Summit County ski area snow totals keep on ticking up
Total Snowfall Through Jan. 26
Arapahoe Basin: 214 inches (350-inch seasonal average)
Breckenridge Ski Resort: 198 inches (353-inch seasonal average)
Copper Mountain: 191 inches (304-inch seasonal average)
Keystone Resort: 191 inches (235-inch seasonal average)
Loveland Ski Area: 223 inches (422-inch seasonal average)
Summit County will see a break from storms until around Feb. 4, based on forecasts, after what has already been a sizable winter.
It’s been big enough, in fact, that Keystone Resort announced late Wednesday that it already made the call to commit to a weeklong season extension through Easter Sunday, April 16. That’s after nearly 7 feet of snow in December for the sixth-snowiest single month in the resort’s history, and about the matching total in January, and counting.
“This is the snowiest single month at Keystone in the past 20 years,” Russ Carlton, spokesman for Keystone, wrote by email of January’s 82 inches as of Thursday. “With the books still open on January, the 191 inches-to-date is tied for the third-highest snow total through the end of the month.”
The region’s other resorts are no different. Arapahoe Basin Ski Area reports 95 inches for the month, which is double its usual snowfall for January. After 2 ½ feet fell there in a 72-hour period the second week of the month, the high-alpine ski area was forced to fold up operations midday due to avalanche concerns from the Colorado Department of Transportation on the adjacent Loveland Pass. It was the first time in memory a closure was necessary at A-Basin, and the area didn’t reopen for a full 24 hours.
Loveland Ski Area, in neighboring Clear Creek County, just east of Eisenhower Tunnel, also reported about twice its historical snowfall for January, with a whopping 115 inches. That brings its season-to-date tally up to a region-leading 223 inches as of Thursday. This same time last season — measured at a slightly below-average year for most — Loveland was at 186 inches, which is a difference of more than 3 feet.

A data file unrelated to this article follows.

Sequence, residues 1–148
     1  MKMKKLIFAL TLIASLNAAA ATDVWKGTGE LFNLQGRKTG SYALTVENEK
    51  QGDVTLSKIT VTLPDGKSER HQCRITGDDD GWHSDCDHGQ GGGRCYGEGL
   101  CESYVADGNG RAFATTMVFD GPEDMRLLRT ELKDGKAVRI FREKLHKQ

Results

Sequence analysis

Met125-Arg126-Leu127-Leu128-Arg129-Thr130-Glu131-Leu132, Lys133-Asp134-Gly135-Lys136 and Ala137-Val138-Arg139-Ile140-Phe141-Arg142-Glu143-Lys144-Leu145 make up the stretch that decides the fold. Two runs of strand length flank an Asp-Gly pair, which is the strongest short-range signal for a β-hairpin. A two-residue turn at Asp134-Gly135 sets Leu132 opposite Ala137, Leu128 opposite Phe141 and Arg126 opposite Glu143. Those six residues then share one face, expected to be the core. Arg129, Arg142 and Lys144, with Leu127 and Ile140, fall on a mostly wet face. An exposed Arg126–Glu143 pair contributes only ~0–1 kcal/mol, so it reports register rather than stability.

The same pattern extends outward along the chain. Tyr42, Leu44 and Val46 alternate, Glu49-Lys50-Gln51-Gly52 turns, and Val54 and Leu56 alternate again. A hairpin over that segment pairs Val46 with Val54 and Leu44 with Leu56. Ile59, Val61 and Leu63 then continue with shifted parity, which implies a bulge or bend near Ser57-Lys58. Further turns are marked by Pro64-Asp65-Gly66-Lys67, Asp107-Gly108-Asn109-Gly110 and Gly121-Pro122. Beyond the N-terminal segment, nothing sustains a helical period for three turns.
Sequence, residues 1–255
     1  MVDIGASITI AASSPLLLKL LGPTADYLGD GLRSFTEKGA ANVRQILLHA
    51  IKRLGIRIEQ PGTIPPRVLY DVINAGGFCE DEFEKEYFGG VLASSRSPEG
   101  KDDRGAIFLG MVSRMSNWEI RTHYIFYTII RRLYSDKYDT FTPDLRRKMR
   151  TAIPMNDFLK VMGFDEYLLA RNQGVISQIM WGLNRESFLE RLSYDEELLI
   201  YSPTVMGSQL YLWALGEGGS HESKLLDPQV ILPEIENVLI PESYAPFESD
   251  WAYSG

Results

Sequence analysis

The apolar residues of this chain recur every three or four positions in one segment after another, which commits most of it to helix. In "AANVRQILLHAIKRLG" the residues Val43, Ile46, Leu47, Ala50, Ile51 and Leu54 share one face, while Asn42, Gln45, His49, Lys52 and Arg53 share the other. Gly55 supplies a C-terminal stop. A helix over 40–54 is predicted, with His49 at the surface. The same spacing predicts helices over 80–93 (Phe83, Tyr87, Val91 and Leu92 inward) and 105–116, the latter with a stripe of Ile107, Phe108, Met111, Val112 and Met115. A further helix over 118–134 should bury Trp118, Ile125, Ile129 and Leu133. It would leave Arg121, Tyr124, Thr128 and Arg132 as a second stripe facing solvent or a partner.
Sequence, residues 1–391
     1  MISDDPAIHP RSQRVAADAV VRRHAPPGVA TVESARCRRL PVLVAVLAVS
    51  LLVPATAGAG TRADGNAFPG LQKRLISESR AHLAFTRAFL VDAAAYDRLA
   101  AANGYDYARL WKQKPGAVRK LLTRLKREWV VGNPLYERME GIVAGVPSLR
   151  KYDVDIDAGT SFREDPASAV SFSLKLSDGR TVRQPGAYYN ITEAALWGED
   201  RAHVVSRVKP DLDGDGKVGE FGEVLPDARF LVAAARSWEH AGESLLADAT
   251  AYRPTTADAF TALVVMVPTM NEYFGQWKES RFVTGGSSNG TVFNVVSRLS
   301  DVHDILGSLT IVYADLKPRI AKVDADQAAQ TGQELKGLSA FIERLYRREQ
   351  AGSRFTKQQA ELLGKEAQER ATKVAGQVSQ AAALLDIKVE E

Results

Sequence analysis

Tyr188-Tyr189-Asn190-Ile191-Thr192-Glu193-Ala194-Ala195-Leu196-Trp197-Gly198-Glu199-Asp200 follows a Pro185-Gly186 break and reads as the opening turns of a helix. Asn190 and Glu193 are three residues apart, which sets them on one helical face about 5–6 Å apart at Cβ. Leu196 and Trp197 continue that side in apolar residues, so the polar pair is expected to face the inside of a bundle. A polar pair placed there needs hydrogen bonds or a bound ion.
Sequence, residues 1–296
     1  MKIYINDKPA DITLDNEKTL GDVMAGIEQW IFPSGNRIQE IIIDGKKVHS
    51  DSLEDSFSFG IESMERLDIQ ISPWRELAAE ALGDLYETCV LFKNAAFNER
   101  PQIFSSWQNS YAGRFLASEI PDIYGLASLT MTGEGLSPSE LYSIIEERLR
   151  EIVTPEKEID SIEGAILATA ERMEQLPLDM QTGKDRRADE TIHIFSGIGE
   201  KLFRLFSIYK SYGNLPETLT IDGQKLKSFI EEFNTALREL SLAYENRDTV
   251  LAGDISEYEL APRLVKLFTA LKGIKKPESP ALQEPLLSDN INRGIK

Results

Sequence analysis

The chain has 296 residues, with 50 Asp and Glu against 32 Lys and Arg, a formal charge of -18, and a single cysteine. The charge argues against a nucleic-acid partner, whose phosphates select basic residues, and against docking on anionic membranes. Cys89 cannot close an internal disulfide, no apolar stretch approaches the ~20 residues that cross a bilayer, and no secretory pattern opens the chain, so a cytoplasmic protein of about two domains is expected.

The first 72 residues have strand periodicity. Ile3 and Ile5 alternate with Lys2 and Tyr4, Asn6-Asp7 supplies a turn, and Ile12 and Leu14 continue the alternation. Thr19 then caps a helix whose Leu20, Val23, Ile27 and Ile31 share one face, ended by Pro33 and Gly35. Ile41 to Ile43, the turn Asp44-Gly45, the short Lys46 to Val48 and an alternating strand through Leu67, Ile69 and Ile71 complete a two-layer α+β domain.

Likewise, already counting 214 inches for the season and several more months of winter still on the horizon, A-Basin is well on its way to surpassing its 296 inches of aggregate snow during the 2015-16 season, and on pace to at least reach its annual season average of 350. Last year, the ski area didn’t close until mid-June.
Loveland and Arapahoe Basin customarily duke it out to be the first ski area to open in the state each year. This season, A-Basin actually ended up being the first one to start spinning lifts in all of North America when it opened on Oct. 21. The rest of the resorts were slightly delayed due to a dearth of snow, with Loveland first opening almost a full month later, on Nov. 20, as just the second ski area in the state to unlatch its gates.
Since then, however, it’s been anything but a dry spell in the county, as resorts work their way toward above-average totals, if not record months and possibly even all-time season highs.
“It’s hard to say what will happen,” said John Sellers, spokesman for Loveland, noting March and April are typically the ski area’s snowiest months. “If we see average snowfall from here on out, we will finish the season above the 400-inch mark.”
Keystone’s extension announcement gives a nod to that idea, and besting its reported 292 inches last season should be no problem, especially with the extra week into mid-April. At nearly 2 feet ahead of this same time last year — and with more than 70 inches in consecutive months in December and January for the first time since the resort opened in November 1970 — this winter may be one to remember.
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